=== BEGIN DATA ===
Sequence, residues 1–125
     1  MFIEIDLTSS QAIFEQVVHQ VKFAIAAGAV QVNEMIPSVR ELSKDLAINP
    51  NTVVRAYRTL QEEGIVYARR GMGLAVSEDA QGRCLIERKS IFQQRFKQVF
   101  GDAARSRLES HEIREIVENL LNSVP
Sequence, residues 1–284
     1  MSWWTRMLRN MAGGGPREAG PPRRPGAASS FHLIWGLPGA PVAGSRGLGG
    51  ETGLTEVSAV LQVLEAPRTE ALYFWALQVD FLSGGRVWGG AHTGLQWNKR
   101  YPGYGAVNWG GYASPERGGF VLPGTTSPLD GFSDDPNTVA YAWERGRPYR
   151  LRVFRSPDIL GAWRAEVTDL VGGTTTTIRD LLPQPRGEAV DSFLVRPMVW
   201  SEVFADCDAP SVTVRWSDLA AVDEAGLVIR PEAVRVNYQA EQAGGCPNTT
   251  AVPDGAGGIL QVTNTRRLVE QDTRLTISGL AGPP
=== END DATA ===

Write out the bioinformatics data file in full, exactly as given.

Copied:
Sequence, residues 1–125
     1  MFIEIDLTSS QAIFEQVVHQ VKFAIAAGAV QVNEMIPSVR ELSKDLAINP
    51  NTVVRAYRTL QEEGIVYARR GMGLAVSEDA QGRCLIERKS IFQQRFKQVF
   101  GDAARSRLES HEIREIVENL LNSVP
Sequence, residues 1–284
     1  MSWWTRMLRN MAGGGPREAG PPRRPGAASS FHLIWGLPGA PVAGSRGLGG
    51  ETGLTEVSAV LQVLEAPRTE ALYFWALQVD FLSGGRVWGG AHTGLQWNKR
   101  YPGYGAVNWG GYASPERGGF VLPGTTSPLD GFSDDPNTVA YAWERGRPYR
   151  LRVFRSPDIL GAWRAEVTDL VGGTTTTIRD LLPQPRGEAV DSFLVRPMVW
   201  SEVFADCDAP SVTVRWSDLA AVDEAGLVIR PEAVRVNYQA EQAGGCPNTT
   251  AVPDGAGGIL QVTNTRRLVE QDTRLTISGL AGPP